Romanticism began in the early 19th century and radically
changed the way people perceived themselves and the state of nature
around them. Unlike Classicism, which stood for order and established
the foundation for architecture, literature, painting and music,
Romanticism allowed people to get away from the constricted, rational
views of life and concentrate on an emotional and sentimental side of
humanity. This not only influenced political doctrines and ideology,
but was also a sharp contrast from ideas and harmony featured during
the Enlightenment. The Romantic era grew alongside the Enlightenment,
but concentrated on human diversity and looking at life in a new way.
It was the combination of modern Science and Classicism that gave
birth to Romanticism and introduced a new outlook on life that
embraced emotion before rationality.
Romanticism was a reactionary period of history when its seeds
became planted in poetry, artwork and literature. The Romantics turned
to the poet before the scientist to harbor their convictions (they
found that the orderly, mechanistic universe that the Science thrived
under was too narrow-minded, systematic and downright heartless in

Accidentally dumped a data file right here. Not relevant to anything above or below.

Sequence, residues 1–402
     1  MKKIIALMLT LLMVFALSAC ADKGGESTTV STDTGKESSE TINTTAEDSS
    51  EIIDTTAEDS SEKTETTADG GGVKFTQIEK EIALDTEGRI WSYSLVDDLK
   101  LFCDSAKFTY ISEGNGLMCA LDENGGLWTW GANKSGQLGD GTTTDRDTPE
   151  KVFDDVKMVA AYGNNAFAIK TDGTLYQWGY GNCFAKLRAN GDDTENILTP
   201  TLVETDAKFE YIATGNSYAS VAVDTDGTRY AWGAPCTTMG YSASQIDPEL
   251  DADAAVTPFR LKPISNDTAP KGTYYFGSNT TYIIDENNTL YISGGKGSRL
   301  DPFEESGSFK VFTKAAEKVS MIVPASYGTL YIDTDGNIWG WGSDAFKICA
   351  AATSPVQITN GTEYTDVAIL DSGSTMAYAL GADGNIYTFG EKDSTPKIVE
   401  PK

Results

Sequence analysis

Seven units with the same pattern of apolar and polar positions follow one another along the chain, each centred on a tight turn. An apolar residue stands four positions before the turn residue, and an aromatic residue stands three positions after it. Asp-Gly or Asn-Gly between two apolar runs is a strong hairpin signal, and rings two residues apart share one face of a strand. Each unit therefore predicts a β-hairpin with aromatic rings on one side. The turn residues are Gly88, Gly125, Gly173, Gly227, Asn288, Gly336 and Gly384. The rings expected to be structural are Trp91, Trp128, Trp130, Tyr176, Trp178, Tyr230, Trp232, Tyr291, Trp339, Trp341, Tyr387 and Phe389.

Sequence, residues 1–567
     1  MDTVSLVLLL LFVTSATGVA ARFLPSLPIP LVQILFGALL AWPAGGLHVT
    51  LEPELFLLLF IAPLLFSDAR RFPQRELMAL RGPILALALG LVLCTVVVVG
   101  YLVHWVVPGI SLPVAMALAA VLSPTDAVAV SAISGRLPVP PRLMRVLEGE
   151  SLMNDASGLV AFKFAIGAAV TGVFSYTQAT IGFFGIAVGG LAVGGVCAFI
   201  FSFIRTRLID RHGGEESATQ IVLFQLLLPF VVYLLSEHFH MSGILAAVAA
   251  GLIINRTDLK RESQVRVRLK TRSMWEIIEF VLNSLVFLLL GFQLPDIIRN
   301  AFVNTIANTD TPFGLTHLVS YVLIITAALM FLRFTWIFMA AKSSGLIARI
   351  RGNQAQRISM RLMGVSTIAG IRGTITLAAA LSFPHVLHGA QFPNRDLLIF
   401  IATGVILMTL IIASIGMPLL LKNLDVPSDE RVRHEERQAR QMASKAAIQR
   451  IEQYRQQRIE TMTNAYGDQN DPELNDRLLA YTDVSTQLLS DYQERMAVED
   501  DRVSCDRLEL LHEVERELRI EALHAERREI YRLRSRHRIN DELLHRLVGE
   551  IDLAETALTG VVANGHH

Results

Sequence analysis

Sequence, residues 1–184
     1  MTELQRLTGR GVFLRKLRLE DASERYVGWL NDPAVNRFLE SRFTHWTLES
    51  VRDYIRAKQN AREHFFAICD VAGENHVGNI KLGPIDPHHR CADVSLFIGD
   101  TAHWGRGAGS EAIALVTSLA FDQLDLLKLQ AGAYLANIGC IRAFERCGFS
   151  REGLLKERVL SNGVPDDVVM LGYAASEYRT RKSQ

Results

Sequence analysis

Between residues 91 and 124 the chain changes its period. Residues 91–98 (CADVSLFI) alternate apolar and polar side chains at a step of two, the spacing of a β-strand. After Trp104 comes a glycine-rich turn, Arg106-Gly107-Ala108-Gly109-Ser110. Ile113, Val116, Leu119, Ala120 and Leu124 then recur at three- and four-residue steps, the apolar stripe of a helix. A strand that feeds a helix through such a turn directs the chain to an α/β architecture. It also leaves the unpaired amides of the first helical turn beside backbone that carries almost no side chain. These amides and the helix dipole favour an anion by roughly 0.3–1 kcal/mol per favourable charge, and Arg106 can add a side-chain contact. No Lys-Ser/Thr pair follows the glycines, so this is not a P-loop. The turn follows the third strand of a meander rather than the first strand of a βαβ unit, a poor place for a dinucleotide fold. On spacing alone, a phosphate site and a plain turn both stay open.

terms of feeling or emotional thought) and it was men such as Johann
Wolfgang von Goethe in Germany who wrote "The Sorrows of Young
Werther" which epitomized what Romanticism stood for.
expressed feelings from the heart and gave way to a new trend of
expressing emotions through individuality as opposed to collectivism.
In England, there was a resurgence into Shakespearean drama since many
Romantics believed that Shakespeare had not been fully appreciated
during the 18th century. His style of drama and expression had been
downplayed and ignored by the Enlightenment's narrow classical view of
drama. Friedrich von Schlegel and Samuel Taylorleridge (from Germany
and England respectively) were two critics of literature who believed
that because of the Enlightenment's suppression...